Advocating on Behalf of the American Military and Defense on the War on Terror

Startling news today - impeached former President Bill Clinton, acting behalf of newly elected President Barrack Hussein Obama, may have committed impeachable acts in the name of - politics.

STOP THE PRESSES!

http://voices.washingtonpost.com/thefix/white-house/how-the-sestak-job-offer-becam.html

Party leaders and campaign operatives -- on nearly a daily basis -- approach challenger candidates seeking to disrupt the established political order with a simple message: Get out or else.

And so, the report this morning that former President Bill Clinton -- allegedly offering him an unpaid advisory role on an intelligence board in exchange for getting him to drop his primary bid against Sen. Arlen Specter (Pa.) -- would not normally raise much of a stir in official Washington. was tasked by White House chief of staff Rahm Emanuel to make such an approach to Rep. Joe Sestak

That the story has become a major controversy, a regular fixture on cable news chat shows and a momentum-killer for Sestak following his come-from behind victory against Specter in last week's Pennsylvania primary is evidence of how the White House mishandled the controversy, according to conversations with several high-level Democratic strategists.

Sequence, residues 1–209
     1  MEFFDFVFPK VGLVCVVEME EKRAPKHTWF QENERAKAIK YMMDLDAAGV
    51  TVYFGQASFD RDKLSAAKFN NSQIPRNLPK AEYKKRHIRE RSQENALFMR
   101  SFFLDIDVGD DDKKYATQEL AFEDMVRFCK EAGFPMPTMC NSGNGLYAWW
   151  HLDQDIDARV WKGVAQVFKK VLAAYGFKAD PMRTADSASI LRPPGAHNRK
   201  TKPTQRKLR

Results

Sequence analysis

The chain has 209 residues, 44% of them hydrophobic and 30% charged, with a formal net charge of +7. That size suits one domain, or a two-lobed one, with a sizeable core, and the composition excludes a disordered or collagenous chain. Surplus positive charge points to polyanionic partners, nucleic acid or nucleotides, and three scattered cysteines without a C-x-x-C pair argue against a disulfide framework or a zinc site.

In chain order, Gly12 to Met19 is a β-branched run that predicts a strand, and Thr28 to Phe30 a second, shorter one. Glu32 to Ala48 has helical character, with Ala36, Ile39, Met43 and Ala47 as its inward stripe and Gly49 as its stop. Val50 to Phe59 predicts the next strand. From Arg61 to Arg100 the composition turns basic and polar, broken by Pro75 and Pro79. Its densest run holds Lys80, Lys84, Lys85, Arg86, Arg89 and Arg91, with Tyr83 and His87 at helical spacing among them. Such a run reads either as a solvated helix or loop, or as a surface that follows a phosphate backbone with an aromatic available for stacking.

"How do you make something out of nothing?," asked one such operative who was granted anonymity to speak candidly about the matter. "By acting guilty when you're innocent."

Another senior party official said that the White House "has a lot of egg on their face" and described the events as a "PR nightmare".

The unfolding of events since Sestak told a local television host -- albeit obliquely -- in February that he had received a job offer from the White House speaks to one of the oldest political adages about the presidency: stonewalling almost never works. (The full White House report on the matter is  here.)

White House press secretary Robert Gibbs was repeatedly asked in the intervening months about Sestak's allegation but deflected comment. As the story became a bigger deal in the wake of Sestak's primary victory, the statements out of the White House grew more and more opaque -- as Gibbs insisted over the weekend that "nothing inappropriate happened" but refusing to engage in the more basic "what happened question."